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Here you'll find explanations and definitions of key technical terms from the fields of optics, scanner technology, laser technology and laser processing.
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Scan systems transform lasers into highly flexible processing tools. The range of functionality strongly depends on both the controller and the scan system's servo electronics. The servo electronics in SCANLAB's scan systems not only dynamically positions the laser beam, but also provides status signals. This status information returned by the scan head can be evaluated not just for system monitoring purposes, but also for optimization.
SCANLAB offers a variety of RTC control boards that enable synchronous control of scan systems, lasers and peripheral equipment.
Scheme of operation for controlling a scan system:
Deflection of the laser beam occurs at the scan mirrors, which are quickly and precisely positioned by galvanometer scanners. SCANLAB's scan heads integrate all components, including electronics, into a compact, sealed housing.
To focus the laser beam, an objective is used at the scan system's beam exit and/or a focusing unit is used at the beam entrance. SCANLAB offers a variety of software for laser process control and vision analysis.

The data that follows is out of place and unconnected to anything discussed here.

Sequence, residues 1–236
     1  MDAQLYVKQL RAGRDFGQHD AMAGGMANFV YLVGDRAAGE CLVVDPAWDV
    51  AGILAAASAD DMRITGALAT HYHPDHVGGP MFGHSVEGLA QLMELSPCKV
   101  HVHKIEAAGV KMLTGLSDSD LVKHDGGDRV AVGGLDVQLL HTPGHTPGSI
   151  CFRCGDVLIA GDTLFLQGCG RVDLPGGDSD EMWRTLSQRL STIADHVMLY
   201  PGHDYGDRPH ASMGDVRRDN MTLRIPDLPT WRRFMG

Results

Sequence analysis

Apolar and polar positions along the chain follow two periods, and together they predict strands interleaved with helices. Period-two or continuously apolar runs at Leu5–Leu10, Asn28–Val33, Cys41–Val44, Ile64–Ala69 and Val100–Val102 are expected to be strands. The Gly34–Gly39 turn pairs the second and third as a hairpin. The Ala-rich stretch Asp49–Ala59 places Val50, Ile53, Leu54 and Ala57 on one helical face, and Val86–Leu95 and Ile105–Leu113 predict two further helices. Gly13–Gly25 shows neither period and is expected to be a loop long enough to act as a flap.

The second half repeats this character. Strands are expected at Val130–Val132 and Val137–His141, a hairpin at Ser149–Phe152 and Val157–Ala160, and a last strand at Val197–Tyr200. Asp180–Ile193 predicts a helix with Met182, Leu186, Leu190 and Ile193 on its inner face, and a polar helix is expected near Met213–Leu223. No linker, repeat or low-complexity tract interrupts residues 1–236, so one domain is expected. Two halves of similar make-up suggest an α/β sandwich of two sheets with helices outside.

A correction file enables compensation of system-specific optical errors.
Barrel and pin-cushion distortion are produced by the arrangement of the mirrors in the scan head and characteristics of the F-Theta objective. This distortion lends itself well to calculation, and can therefore be compensated. A correction file can be used to position the focus of scan heads that employ a variable focus unit (e.g. a varioSCAN) in place of an F-Theta objective. Here, a table is generated that couples the set values in the image field with the control values. Correction files are utilized by the RTC control board before data is sent to the scan head.
Marking characters and symbols is a standard application for laser scanners. Because the number of marked characters depends on numerous scanner parameters, a benchmark has emerged for directly comparing marking times. Here, a 1-mm tall single-line typeface is used to mark all 26 Latin letters in both upper and lowercase, as well as the 10 Arabic numerals. The elapsed time is then converted to characters per second – cps.
For setting the scanner's parameters, a tradeoff between writing quality and marking speed is necessary. SCANLAB specifies two possible variants, good quality (faster) and high quality (more precise). The two images below illustrate the differences:
At high quality, no obvious discrepancies should appear, whereas good quality allows minor anomalies such as oscillation and corner-rounding.